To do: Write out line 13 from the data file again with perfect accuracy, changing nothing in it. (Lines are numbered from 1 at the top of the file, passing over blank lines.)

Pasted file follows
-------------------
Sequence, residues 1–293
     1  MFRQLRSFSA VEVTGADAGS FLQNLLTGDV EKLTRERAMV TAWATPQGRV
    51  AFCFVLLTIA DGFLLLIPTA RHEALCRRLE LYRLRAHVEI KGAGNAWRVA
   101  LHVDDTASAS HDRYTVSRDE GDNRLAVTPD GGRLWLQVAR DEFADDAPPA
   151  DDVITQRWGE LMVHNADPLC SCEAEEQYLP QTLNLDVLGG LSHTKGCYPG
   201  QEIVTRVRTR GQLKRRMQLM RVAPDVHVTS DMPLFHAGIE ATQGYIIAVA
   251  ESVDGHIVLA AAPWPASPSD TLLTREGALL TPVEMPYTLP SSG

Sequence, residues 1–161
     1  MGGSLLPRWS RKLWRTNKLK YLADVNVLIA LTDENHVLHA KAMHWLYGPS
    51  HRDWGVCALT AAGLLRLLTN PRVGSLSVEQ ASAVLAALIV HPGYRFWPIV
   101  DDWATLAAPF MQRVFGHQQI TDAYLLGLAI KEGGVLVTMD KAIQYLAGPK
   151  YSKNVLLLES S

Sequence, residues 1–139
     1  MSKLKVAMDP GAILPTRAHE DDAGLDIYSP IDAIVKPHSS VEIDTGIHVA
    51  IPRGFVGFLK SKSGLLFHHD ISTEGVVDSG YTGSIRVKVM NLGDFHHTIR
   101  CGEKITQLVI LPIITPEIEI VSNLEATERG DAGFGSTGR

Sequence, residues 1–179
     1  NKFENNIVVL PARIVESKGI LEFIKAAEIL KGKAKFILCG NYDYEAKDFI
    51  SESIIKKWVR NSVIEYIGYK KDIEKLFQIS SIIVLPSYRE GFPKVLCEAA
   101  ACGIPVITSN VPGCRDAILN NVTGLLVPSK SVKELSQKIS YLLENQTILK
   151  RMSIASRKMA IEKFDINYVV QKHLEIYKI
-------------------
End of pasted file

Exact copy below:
Sequence, residues 1–139